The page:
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Akani Simbine gives it a full go, but SA come up short in world champs relay final

sprinters in full flight in the men’s 100m relay

Akani Simbine of South Africa competes in heat 5 in the men's 100m at the World Athletics Championships Oregon22 at Hayward Field in Eugene, Oregon, USA, 15 July 2022. Picture: John G. Mabanglo/EPA

Published Jul 24, 2022

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Cape Town – Akani Simbine played a lone hand as Team South Africa’s last hope of a medal at the world athletics championship ended without success in Eugene, Oregon on Saturday night (Sunday morning SA time).

This is now the third major event that Mzansi were unable to secure a single medal, after the 2019 world championships in Doha and last year’s Tokyo Olympics.

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After Simbine came close in the 100m final last week, finishing fifth, and Wayde van Niekerk equalled that position in the 400m final a few days ago, it was up to the men’s 4x100m relay to get onto the podium.

SA relays coach Paul Gorries made two changes to the line-up for the final. Emile Erasmus was shifted to the first leg in place of Henricho Bruintjies – who was left out after posting the slowest opening leg of their heat – with Olympic 100m semi-finalist Gift Leotlela getting an opportunity in the second leg.

Clarence Munyai was retained for the third leg, with Simbine the anchor, while Shaun Maswanganyi was out with a hamstring injury.

Erasmus, who was outstanding in posting the second-fastest second leg, got off to a reasonable start in the final, running 10.65 – a marked improvement on Bruintjies’ 10.78 in the heat, but still only the seventh fastest out of the eight finalists.

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American Christian Coleman roared out of the starting blocks in 10.35 to put the host nation into the lead, followed by Canada’s Aaron Brown and Briton’s Jona Efoloko in 10.45.

But the changeovers from Erasmus to Leotlela, and then onto Munyai, were not the smoothest, and even though the latter two men ran hard for splits of 9.24 and 9.44 respectively, Simbine had too much ground to make up over the last 100 metres.

The 28-year-old gave it a full go, though, running the fastest final leg of 8.77 to claim sixth spot in 38.10 seconds – an improvement on the heat time of 38.31.

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Andre de Grasse produced a superb finish on the final leg for Canada (Brown, Jerome Blake and Brendon Rodney ran the first three legs) as well – even though his 8.79 was just behind Simbine – but it secured the gold medal ahead of the United States as he held off 100m silver medallist Marvin Bracy to win in 37.48 seconds.

The much-vaunted American quartet of Coleman, 200m champion Noah Lyles, Elijah Hall and Bracy had to settle for second position in 37.55, followed by Great Britain & Northern Ireland (Efoloko, Zharnel Hughes, Nethaneel Mitchell-Blake and Reece Prescod) in 37.83, who edged out a Jamaican team that included Yohan Blake, who ended fourth in 38.06.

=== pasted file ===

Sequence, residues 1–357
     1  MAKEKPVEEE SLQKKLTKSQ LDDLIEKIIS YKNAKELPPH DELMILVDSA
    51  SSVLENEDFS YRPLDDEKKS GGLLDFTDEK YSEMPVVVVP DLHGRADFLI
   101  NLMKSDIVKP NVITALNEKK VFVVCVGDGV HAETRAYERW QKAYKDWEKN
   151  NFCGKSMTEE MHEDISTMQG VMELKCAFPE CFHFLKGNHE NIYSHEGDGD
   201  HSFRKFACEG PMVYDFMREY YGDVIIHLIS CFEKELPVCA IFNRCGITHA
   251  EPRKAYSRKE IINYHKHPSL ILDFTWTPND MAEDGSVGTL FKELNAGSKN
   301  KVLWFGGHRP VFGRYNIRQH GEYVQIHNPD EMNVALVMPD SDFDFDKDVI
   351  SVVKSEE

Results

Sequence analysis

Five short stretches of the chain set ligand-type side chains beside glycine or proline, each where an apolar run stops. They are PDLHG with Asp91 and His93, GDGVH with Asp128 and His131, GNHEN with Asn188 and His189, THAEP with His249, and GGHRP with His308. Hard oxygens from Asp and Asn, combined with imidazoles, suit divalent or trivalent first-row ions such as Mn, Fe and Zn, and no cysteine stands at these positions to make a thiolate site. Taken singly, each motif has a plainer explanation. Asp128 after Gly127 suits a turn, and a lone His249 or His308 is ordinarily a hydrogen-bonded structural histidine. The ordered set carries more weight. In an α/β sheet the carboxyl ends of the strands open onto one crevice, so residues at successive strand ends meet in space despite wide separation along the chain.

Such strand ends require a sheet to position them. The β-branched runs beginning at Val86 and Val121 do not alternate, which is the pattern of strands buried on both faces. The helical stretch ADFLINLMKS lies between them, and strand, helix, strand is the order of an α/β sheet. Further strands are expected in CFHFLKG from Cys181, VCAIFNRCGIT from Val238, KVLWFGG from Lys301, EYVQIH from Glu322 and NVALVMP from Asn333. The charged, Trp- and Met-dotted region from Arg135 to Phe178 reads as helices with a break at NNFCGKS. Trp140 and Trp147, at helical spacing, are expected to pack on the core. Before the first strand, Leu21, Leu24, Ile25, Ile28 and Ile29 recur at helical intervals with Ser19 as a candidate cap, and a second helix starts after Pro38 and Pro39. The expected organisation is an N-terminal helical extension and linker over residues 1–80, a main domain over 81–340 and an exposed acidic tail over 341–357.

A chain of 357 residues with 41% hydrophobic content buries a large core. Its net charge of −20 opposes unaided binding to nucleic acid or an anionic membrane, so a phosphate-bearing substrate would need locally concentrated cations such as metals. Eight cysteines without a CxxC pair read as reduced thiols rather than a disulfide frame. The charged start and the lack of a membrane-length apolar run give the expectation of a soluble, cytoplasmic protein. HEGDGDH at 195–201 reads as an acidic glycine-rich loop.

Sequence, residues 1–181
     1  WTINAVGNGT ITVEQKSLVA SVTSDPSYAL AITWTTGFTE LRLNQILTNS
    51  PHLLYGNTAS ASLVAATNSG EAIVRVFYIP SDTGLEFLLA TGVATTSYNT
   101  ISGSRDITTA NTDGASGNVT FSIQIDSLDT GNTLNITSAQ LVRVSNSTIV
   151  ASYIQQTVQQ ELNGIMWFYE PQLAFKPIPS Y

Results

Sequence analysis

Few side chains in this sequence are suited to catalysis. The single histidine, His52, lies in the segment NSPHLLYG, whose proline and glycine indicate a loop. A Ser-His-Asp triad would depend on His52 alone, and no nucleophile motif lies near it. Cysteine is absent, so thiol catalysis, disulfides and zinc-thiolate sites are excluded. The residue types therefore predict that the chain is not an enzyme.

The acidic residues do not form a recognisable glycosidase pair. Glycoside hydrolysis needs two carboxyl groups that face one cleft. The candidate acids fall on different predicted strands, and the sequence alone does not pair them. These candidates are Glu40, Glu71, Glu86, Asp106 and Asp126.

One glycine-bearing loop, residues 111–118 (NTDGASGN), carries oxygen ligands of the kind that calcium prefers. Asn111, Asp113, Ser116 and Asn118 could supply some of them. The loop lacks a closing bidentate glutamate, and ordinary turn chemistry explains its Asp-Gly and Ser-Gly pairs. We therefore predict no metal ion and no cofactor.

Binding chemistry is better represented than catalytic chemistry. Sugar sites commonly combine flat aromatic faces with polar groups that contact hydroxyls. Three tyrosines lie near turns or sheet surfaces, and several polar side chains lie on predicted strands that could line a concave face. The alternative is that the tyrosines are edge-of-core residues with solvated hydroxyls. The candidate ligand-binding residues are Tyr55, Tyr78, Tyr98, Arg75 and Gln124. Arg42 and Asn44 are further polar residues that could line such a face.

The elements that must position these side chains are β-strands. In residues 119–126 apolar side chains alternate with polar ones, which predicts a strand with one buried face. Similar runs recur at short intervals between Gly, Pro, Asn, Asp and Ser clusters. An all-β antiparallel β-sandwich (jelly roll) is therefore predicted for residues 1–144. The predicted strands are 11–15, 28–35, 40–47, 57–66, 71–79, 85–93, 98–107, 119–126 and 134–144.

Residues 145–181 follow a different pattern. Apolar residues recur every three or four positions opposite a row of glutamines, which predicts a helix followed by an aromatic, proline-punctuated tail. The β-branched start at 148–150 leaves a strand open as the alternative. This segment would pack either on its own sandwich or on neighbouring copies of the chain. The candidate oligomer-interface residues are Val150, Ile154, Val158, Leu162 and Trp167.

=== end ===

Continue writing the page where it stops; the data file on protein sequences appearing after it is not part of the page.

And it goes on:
Ghana came up with a new national record to finish fifth in 38.07 ahead of South Africa (38.10), with Brazil seventh (38.25) and France last (38.34).

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Bruintjies then expressed his disappointment with being left out of the final team on his Instagram account, and added that he would not participate in the upcoming Commonwealth Games in Birmingham.

The SA men’s 4x400m relay team did not arrive for their race, while the women’s 4x400m relay group of Miranda Coetzee, Marlie Viljoen, Gontse Morake and Zeney van der Walt finished seventh in their heat in a time of 3:34.68.

The only real positive for South Africa on Saturday was the performance of 100m hurdles national champion Marione Fourie, who qualified for Sunday’s semi-finals with a superb run of 12.94 seconds – just outside her personal best of 12.93 – to end third in her heat.

The 20-year-old Fourie has been drawn in lane seven in the second semi-final, which takes place on Sunday night (2.10am SA time on Monday morning), where her main goal is likely to run a new personal best – as it will be tough to finish in the top two or advance to the final as one of the two ‘fastest losers’ – with the favourites being American Alia Armstrong (12.47 PB) and Jamaica’s Olympic bronze medallist Megan Tapper (12.53 PB).

The other South African in action will be Wayne Snyman in the 35km race walk (Sunday 3.15pm SA time).

@ashfakmohamed

IOL Sport

Related Topics:

Akani SimbineAthletics

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